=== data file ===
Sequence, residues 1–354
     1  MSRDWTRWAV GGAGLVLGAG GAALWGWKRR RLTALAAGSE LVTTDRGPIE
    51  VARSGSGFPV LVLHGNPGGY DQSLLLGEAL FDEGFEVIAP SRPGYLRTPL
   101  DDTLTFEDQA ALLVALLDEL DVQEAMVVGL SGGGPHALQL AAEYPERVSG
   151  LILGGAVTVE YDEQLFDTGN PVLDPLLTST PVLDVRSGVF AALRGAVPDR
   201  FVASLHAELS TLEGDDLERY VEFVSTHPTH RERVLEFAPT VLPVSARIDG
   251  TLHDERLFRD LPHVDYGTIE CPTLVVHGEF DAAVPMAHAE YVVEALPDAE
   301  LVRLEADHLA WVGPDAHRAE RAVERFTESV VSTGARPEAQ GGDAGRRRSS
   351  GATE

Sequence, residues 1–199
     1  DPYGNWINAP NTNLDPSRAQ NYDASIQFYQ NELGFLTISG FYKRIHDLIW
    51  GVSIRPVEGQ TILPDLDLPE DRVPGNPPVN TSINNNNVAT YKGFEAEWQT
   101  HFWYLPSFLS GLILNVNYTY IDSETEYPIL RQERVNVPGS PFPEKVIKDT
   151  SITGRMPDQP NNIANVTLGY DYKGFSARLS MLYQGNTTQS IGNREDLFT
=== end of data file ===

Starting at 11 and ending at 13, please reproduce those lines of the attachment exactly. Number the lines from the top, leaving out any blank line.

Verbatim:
     1  DPYGNWINAP NTNLDPSRAQ NYDASIQFYQ NELGFLTISG FYKRIHDLIW
    51  GVSIRPVEGQ TILPDLDLPE DRVPGNPPVN TSINNNNVAT YKGFEAEWQT
   101  HFWYLPSFLS GLILNVNYTY IDSETEYPIL RQERVNVPGS PFPEKVIKDT